As all businesses have adapted to remote working, it’s time for shared services to start to look more strategically about what this means for the workforce and how to leverage a more virtual workforce.
More work for shared services?
In a sense, GBS and shared services have been doing a type of remote working for years. Processes are taken out of a HQ or Business Unit and put into another location. This is made possible through having well documented, standardized processes and technology to help ensure visibility.
Despite the success of the shared services model for decades, there is still often a reluctance within a business to move processes to shared services. However, as people are realizing more and more that the same work can be done from just about anywhere with the right technology, it may mean more openness to move processes to shared services.
Shared services and GBS may now need to prepare to scale up to take in more processes and bring in more skills into SSCs.
A virtualized talent pool
Before 2020, many shared services were restricted to hiring people that could access their offices. As companies are now more open to hiring, onboarding and managing people virtually, the talent pool expands enormously.
In a recent panel at the Shared Services and Outsourcing Week, Sanjay Patel, SVP and Global Head of Takeda Business Solutions, Takeda said before 2020, they were generally restricted to hiring hiring people in the locations in which they were physically present. However, with a more open-minded attitude towards virtual working he said, “if I need talent, for example, with machine learning experience, and can’t source at scale in current operations – I can now source them outside my physical footprint. The myth and stigma [of virtual working] is no longer there.”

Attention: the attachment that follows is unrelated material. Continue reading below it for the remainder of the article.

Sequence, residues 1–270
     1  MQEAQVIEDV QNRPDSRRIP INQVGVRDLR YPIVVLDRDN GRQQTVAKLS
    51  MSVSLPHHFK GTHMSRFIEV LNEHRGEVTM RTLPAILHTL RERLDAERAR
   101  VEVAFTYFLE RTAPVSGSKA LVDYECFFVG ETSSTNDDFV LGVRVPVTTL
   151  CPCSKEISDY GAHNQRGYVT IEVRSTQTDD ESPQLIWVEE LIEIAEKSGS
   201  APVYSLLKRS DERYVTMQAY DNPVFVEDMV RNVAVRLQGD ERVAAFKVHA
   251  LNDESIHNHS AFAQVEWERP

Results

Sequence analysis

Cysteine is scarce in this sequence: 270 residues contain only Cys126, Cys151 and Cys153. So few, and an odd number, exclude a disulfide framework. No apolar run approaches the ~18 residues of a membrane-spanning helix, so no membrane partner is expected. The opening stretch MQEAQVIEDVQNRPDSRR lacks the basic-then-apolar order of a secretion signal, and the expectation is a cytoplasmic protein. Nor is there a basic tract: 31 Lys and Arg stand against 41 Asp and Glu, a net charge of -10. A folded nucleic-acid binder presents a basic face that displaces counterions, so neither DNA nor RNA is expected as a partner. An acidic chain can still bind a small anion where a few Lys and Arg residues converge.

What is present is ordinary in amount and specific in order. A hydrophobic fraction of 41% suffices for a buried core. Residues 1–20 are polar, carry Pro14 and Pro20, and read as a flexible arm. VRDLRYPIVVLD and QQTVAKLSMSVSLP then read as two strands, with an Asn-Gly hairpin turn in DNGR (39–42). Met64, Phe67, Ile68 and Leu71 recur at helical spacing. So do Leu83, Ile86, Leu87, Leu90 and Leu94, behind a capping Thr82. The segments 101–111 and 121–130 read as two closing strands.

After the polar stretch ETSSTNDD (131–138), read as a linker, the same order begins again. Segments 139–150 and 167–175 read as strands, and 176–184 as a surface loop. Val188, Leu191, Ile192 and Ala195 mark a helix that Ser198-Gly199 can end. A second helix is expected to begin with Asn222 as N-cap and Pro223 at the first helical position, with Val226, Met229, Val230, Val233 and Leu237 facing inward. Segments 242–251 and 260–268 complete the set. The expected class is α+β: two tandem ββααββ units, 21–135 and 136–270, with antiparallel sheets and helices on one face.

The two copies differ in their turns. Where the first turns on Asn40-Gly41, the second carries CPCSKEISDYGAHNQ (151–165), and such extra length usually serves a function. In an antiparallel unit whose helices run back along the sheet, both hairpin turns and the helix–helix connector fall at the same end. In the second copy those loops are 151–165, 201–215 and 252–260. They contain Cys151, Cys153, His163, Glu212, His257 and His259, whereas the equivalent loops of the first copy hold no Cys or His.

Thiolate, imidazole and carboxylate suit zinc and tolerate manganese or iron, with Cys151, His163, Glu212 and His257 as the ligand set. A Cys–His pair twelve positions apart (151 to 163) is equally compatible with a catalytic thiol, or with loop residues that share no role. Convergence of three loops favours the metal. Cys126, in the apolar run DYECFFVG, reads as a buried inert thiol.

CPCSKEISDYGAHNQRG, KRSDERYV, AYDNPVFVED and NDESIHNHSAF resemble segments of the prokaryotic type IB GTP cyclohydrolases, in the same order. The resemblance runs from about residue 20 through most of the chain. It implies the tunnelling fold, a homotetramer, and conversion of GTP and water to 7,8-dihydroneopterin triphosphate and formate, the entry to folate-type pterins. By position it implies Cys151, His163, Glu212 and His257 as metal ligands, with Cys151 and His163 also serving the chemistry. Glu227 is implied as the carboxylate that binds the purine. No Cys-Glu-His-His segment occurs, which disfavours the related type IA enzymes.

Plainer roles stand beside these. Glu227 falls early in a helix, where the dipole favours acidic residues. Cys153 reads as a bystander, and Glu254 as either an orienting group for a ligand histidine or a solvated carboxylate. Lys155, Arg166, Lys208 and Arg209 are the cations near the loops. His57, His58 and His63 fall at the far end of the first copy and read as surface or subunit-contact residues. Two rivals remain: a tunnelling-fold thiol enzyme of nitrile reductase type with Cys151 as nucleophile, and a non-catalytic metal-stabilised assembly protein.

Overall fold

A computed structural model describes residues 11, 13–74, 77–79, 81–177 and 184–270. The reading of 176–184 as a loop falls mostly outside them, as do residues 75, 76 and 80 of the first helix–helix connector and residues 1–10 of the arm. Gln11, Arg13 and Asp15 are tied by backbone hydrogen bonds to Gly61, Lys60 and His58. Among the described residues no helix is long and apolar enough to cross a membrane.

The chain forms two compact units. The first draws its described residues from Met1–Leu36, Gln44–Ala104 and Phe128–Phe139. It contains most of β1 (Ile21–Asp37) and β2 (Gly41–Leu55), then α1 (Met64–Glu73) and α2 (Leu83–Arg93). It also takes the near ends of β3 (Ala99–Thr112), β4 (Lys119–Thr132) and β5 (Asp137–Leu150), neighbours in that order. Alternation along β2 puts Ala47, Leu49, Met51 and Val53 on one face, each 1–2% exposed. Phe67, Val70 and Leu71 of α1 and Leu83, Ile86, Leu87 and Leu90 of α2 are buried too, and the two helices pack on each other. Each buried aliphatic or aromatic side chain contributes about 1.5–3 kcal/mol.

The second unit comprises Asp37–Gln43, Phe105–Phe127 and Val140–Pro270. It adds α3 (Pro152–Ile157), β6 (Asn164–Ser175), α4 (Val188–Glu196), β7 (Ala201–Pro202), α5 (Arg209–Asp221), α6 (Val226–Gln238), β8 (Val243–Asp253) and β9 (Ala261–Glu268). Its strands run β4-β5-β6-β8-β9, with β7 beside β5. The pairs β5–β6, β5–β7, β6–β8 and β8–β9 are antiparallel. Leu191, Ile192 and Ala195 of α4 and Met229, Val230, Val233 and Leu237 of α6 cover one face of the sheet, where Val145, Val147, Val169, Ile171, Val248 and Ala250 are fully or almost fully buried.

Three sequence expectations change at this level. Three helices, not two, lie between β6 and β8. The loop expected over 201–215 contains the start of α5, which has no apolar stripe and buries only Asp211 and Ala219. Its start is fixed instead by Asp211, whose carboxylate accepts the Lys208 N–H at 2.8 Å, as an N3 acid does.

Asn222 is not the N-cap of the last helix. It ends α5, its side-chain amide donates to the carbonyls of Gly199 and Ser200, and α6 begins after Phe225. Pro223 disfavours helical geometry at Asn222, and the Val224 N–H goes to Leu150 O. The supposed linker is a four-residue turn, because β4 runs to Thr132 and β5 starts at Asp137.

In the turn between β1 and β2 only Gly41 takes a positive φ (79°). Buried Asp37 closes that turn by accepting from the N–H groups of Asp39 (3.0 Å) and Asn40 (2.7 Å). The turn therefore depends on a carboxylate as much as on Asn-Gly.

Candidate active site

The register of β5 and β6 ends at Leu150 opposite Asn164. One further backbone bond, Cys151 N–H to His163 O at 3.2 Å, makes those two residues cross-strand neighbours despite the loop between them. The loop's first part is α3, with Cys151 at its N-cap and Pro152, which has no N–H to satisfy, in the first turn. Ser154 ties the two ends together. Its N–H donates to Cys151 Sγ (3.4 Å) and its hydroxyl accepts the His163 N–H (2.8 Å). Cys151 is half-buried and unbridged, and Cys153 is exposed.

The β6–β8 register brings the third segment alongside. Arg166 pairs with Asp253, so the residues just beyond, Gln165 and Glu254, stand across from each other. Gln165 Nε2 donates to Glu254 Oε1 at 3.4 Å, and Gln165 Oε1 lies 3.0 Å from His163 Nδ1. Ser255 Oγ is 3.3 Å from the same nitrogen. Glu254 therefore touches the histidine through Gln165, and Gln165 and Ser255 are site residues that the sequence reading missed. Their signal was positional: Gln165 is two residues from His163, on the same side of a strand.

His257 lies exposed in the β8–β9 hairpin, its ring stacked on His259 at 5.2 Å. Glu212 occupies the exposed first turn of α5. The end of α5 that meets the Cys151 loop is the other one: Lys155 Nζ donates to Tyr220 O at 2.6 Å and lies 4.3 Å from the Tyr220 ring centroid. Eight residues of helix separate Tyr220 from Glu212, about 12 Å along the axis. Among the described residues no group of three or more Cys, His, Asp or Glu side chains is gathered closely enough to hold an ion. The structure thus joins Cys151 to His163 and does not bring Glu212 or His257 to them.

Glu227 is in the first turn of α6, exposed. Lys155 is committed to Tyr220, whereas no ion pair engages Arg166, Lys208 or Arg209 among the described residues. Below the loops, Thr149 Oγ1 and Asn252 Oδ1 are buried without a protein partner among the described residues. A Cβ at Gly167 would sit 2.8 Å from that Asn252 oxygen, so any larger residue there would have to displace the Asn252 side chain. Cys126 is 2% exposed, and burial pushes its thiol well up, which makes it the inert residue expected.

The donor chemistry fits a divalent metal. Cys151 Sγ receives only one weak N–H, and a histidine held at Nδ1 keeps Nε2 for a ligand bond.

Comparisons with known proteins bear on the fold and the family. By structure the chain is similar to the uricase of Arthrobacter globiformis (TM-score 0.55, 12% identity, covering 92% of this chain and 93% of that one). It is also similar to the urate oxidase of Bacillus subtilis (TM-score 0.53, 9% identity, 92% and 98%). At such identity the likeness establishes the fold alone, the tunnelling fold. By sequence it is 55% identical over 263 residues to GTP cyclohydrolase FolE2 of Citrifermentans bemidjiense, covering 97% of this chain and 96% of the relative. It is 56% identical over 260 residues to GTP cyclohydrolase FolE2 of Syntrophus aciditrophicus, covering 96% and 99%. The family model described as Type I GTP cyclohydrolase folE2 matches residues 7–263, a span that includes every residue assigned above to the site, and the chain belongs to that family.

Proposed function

Particularly for specialized talent, there is more momentum than ever for engaging talent outside your immediate region.
Are we ready for a virtual workforce?
However, it’s important to consider the legal side of employing people abroad. Ensuring compliance to labor laws, taxes, pensions and social security can make this difficult unless you have HR presence or third-party agencies to help.
Also, we have yet to really test how sustainable virtual remote working will be at such a scale among diverse living situations. People working long hours, or in houses with children or multiple people might need extra support or flexibility.
Leading for 2021 and beyond
We don’t know what 2021 and beyond will bring, but we can be fairly confident that there will be a need for more flexibility and listening to people’s preference to work remotely.
Leaders will have to lean into their trust and empathy, but also have robust controls and sufficient training and support for teams and individuals.
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